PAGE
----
In the case of Woodbury, the warden at the prison said they had trouble reaching him after he got sick because his personnel records only had his personal cellphone listed as a contact number. His uncle called the prison on Tuesday to let them know about the “tragic news,” Edwards wrote to employees.
“In addition to tracking staff absences, the leadership teams ensure staff have access to any support that is needed,” Glady said.
Brown said a prison official at Reception and Medical Center called her to offer condolences after her son died and asked if the family needed any help. But she did not know what to say.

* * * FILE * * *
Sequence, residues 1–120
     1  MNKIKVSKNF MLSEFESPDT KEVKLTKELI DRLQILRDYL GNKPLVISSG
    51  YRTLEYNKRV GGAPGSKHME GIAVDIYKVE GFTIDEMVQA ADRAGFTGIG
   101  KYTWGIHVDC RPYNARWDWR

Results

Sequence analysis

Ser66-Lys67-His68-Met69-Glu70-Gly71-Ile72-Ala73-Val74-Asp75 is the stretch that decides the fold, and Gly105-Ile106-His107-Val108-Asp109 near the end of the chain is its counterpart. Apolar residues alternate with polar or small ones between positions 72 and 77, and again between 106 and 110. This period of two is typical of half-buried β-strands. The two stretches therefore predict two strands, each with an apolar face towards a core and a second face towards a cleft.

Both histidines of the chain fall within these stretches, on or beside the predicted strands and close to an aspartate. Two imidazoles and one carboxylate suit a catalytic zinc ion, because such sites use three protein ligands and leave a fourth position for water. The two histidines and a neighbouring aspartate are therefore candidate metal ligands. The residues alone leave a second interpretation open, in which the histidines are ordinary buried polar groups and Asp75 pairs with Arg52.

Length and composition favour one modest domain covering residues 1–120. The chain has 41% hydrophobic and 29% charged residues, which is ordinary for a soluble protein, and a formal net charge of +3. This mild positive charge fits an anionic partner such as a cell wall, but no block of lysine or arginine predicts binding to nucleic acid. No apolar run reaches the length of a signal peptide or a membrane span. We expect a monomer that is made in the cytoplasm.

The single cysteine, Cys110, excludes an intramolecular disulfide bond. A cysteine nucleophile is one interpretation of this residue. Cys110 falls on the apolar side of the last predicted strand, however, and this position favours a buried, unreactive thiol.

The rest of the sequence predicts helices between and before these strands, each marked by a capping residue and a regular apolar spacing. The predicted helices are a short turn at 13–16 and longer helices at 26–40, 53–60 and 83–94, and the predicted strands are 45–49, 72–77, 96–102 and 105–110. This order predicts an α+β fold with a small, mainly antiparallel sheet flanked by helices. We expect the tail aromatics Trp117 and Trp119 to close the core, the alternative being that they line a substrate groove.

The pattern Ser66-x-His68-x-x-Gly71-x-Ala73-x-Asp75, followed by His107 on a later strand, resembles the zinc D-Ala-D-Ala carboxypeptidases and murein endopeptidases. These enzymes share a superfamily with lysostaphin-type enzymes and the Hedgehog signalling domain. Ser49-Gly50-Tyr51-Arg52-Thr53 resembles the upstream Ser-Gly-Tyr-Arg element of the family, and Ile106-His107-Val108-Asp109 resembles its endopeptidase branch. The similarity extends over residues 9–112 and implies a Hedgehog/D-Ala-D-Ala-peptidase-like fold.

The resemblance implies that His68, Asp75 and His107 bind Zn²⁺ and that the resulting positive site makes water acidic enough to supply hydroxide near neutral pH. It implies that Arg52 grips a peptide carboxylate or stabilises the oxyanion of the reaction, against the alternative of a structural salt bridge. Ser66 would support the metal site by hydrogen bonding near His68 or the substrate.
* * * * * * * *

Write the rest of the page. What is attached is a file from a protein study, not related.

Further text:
“At that time, really there was nothing they could do because my son passed away,” she said. “I really didn’t know what to ask for or what they could do.”
On Wednesday, Brown said she hopes the department can offer more protections to correctional officers, like her son.
“They need to make sure that they’re protecting the correctional officers because they’re putting their life on the line every time they go in there,” she said. “My big thing with this is nobody else needs to lose their child. … He was only 23.”